The USDA’s Interagency Commodity Estimates Committees prepared projections for the 2013-14 U.S. marketing year for corn and soybeans, as well as other crops, at the USDA’s 2013 Agricultural Outlook Forum on Feb. 22.

Under the assumption of normal spring and summer weather conditions, the projections for both crops reflect expectations of much larger U.S. production, increased consumption, larger year-ending stocks, and lower prices than experienced during the current marketing year.

“The projections are consistent with our expectations with some minor exceptions,” said University of Illinois agricultural economist Darrel Good.

“For corn, the USDA expects planted acreage at 96.5 million, only 700,000 less than the large acreage of a year ago,” Good said.

“Acreage last year was bolstered in part by record early planting and less than the normal amount of prevented plantings. A more normal spring this year might result in fewer corn acres in favor of soybean acres.

“The acreage projection is lower than most private projections as it assumes some decline in total crop acreage, but captures the general expectation of large corn acreage. Almost regardless of planted acreage, acreage harvested for grain is expected to be larger than harvested in 2012,” he said.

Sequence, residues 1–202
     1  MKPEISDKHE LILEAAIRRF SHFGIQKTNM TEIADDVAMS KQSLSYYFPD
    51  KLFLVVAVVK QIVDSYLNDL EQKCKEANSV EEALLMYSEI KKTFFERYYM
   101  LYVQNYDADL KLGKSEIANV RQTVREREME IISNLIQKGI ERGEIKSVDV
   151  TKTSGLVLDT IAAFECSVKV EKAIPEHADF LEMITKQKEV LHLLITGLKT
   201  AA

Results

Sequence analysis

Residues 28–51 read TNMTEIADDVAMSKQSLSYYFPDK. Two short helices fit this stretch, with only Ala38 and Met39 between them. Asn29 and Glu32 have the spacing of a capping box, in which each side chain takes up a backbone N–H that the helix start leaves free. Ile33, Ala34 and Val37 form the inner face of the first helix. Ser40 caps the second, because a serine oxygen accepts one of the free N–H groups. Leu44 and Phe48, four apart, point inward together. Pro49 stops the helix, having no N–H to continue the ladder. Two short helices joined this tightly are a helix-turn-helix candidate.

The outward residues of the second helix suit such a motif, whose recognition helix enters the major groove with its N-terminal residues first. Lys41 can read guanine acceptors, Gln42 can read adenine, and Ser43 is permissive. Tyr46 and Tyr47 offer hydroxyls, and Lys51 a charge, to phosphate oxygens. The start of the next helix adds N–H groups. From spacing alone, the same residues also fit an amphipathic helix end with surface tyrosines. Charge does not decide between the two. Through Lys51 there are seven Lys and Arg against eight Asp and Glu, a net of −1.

The difference between planted and harvested acreage (acreage harvested for silage or abandoned) was an abnormally large 9.8 million acres in 2012, according to Good. With more normal weather, that difference would likely be in the range of 7.2 to 7.8 million acres in 2013. The USDA projects a difference of 7.7 million.

Good said that based on a model estimated over the period 1988 through 2012, the USDA projects the 2013 U.S. average corn yield at 163.6 bushels per acre.

“The model incorporates trend, planting progress, and summer weather variables to explain average yield,” he said.

“The 2013 projection assumes normal planting progress, no extreme June dryness, and average summer weather. The forecast is higher than most other forecasts, including ours. Using a longer time period and the application of a different weather model, our analysis points to a 2013 yield near 160 bushels,” Good said.

According to Good, a record-large corn crop, near the USDA projection of 14.5 billion bushels, is consistent with our expectation.